automatically logs the user out after the specified time. The following commands cause the line to log out
after five minutes of inactivity.
R1(config)# line console 0

2013 Cisco and/or its affiliates. All rights reserved. This document is Cisco Public.

Page 3 of 8

Lab Securing Network Devices


R1(config-line)#
R1(config-line)#
R1(config-line)#
R1(config-line)#
R1(config)#
i.

exec-timeout 5 0
line vty 0 4
exec-timeout 5 0
exit

The following command impedes brute force login attempts. The router blocks login attempts for 30
seconds if someone fails two attempts within 120 seconds. This timer is set especially low for the purpose
of this lab.
R1(config)# login block-for 30 attempts 2 within 120
What does the 2 within 120 mean in the above command?
____________________________________________________________________________________
What does the block-for 30 mean in the above command?
____________________________________________________________________________________

Step 8: Verify that all unused ports are disabled.


Router ports are disabled, by default, but it is always prudent to verify that all unused ports are in an
administratively down state. This can be quickly checked by issuing the show ip interface brief command.
Any unused ports that are not in an administratively down state should be disabled using the shutdown
command in interface configuration mode.
R1# show ip interface brief
Interface
Embedded-Service-Engine0/0
GigabitEthernet0/0
GigabitEthernet0/1
Serial0/0/0
Serial0/0/1
R1#

IP-Address
unassigned
unassigned
192.168.1.1
unassigned
unassigned

OK?
YES
YES
YES
YES
YES

Method
NVRAM
NVRAM
manual
NVRAM
NVRAM

Status
administratively
administratively
up
administratively
administratively

down
down
down
down

Protocol
down
down
up
down
down

Step 9: Verify that your security measures have been implemented correctly.
j.

Use Tera Term to telnet to R1.


Does R1 accept the Telnet connection? ___________________________
Why or why not?
____________________________________________________________________________________

k.

Use Tera Term to SSH to R1.


Does R1 accept the SSH connection? __________

l.

Intentionally mistype the user and password information to see if login access is blocked after two
attempts.
What happened after you failed to login the second time?
____________________________________________________________________________________
____________________________________________________________________________________

m. From your console session on the router, issue the show login command to view the login status. In the
example below, the show login command was issued within the 30 second login blocking period and
shows that the router is in Quiet-Mode. The router will not accept any login attempts for 14 more seconds.

2013 Cisco and/or its affiliates. All rights reserved. This document is Cisco Public.

Page 4 of 8

Lab Securing Network Devices


R1# show login
A default login delay of 1 second is applied.
No Quiet-Mode access list has been configured.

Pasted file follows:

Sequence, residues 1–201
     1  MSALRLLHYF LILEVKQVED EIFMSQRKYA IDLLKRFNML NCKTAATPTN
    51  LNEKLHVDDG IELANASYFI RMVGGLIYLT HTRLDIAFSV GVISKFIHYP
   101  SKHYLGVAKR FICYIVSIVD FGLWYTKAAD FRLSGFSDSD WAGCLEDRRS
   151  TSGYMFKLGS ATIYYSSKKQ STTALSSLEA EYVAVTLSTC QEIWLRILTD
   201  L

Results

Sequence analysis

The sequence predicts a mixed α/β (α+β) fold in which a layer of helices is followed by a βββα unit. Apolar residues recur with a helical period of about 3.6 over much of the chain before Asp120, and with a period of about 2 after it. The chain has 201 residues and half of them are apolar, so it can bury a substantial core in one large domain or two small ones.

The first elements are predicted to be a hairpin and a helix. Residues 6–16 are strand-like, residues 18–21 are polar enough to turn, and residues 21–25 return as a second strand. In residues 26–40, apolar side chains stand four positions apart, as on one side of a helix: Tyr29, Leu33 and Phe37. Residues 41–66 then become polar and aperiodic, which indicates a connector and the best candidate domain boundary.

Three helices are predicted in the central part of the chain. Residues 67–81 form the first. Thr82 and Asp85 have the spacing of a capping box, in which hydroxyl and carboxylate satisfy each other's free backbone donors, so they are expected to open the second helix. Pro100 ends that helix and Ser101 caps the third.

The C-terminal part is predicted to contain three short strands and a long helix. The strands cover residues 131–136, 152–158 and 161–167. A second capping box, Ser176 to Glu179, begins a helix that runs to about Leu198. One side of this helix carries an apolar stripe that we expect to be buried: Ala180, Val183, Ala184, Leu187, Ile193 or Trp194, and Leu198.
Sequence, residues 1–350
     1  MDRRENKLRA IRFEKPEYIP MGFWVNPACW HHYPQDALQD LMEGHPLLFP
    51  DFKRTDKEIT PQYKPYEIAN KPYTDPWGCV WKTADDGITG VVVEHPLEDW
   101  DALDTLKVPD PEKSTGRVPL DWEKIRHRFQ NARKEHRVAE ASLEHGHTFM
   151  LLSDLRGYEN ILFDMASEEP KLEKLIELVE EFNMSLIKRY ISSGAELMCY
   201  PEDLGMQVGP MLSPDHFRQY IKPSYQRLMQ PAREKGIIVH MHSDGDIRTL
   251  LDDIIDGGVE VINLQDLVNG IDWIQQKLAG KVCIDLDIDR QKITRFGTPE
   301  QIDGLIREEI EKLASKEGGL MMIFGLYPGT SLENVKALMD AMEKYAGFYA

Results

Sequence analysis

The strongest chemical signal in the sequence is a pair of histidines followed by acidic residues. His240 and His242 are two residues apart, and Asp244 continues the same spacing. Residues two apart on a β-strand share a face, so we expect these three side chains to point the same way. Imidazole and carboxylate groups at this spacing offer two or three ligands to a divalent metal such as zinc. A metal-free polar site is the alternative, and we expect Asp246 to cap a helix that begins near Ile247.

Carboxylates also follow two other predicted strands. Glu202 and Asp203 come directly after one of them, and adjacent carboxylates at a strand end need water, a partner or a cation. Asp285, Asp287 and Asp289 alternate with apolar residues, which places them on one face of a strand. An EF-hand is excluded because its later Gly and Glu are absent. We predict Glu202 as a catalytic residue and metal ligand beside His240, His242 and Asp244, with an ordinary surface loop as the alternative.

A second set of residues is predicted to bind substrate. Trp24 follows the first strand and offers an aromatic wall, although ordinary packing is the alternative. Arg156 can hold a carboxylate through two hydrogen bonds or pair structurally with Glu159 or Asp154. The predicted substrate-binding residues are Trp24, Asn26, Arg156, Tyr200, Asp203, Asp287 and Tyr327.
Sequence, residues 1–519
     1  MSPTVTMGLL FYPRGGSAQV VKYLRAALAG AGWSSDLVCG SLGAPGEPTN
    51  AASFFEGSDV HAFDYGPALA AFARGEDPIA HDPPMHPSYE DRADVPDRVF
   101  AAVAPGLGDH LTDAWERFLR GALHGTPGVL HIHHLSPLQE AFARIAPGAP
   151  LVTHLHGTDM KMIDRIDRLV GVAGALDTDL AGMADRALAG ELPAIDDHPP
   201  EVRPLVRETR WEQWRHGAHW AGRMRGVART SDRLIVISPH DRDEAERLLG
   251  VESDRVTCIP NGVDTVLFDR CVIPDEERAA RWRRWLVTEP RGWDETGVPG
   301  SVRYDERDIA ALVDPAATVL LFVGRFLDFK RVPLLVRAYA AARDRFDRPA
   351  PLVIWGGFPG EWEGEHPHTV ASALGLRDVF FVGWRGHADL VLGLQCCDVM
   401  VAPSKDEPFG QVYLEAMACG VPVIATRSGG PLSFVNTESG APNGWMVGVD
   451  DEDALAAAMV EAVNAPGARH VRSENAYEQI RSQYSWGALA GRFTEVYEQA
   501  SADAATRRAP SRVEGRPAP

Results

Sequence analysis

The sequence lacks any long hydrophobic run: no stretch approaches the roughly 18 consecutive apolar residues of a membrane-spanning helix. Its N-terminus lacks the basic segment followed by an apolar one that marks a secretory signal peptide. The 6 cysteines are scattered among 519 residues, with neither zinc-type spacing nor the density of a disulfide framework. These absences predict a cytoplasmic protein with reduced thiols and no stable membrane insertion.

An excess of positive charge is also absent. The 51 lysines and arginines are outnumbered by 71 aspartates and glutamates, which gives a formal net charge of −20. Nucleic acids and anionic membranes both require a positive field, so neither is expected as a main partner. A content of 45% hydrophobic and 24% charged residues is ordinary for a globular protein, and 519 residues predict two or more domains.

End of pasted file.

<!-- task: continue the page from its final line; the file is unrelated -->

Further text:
Router enabled to watch for login Attacks.
If more than 2 login failures occur in 120 seconds or less,
logins will be disabled for 30 seconds.
Router presently in Quiet-Mode.
Will remain in Quiet-Mode for 14 seconds.
Denying logins from all sources.
R1#

n. After the 30 seconds has expired, SSH to R1 again and login using the admin username and
Admin15p@55 for the password.
After you successfully logged in, what was displayed? ________________________
o. Enter privileged EXEC mode and use Enablep@55 for the password.
If you mistype this password, are you disconnected from your SSH session after two failed attempts
within 120 seconds? ______________
Why or why not?
____________________________________________________________________________________
p. Issue the show running-config command at the privileged EXEC prompt to view the security settings
you have applied.

Part 3: Configure Basic Security Measures on the Switch


Step 10: Strengthen Passwords on the switch.
Change the privileged EXEC encrypted password to meet strong password guidelines.
S1(config)# enable secret Enablep@55
Note: The security password min-length command is not available on the 2960 switch.

Step 11: Enable SSH Connections.


q. Assign the domain-name as CCNA-lab.com
S1(config)# ip domain-name CCNA-lab.com
r.

Create a local user database entry for use when connecting to the router via SSH. The password should
meet strong password standards, and the user should have administrative level access.
S1(config)# username admin privilege 15 secret Admin15p@55

s.

Configure the transport input for the vty lines to allow SSH connections but not allow Telnet connections.
S1(config)# line vty 0 15
S1(config-line)# transport input ssh

t.

The vty lines should use the local user database for authentication.
S1(config-line)# login local
S1(config-line)# exit

2013 Cisco and/or its affiliates. All rights reserved. This document is Cisco Public.

Page 5 of 8

Lab Securing Network Devices


u. Generate a RSA crypto key using a modulus of 1024 bits.
S1(config)# crypto key generate rsa modulus 1024

Step 12: Secure the console and VTY lines.


v.

Have the switch log out a line that has been idle for 10 minutes.
S1(config)# line
S1(config-line)#
S1(config-line)#
S1(config-line)#
S1(config-line)#
S1(config)#

console 0
exec-timeout 10 0
line vty 0 15
exec-timeout 10 0
exit

w. To impede brute force login attempts, configure the switch to block login access for 30 seconds if there
are 2 failed attempts within 120 seconds. This timer is set especially low for the purpose of this lab.
S1(config)# login block-for 30 attempts 2 within 120
S1(config)# end

Step 13: Verify that all unused ports are disabled.


Switch ports are enabled, by default. Shut down all ports that are not in use on the switch.
x.

You can verify the switch port status using the show ip interface brief command.
S1# show ip interface brief
Interface
Vlan1
FastEthernet0/1
FastEthernet0/2
FastEthernet0/3
FastEthernet0/4
FastEthernet0/5
FastEthernet0/6
FastEthernet0/7
FastEthernet0/8
FastEthernet0/9
FastEthernet0/10
FastEthernet0/11
FastEthernet0/12
FastEthernet0/13
FastEthernet0/14
FastEthernet0/15
FastEthernet0/16
FastEthernet0/17
FastEthernet0/18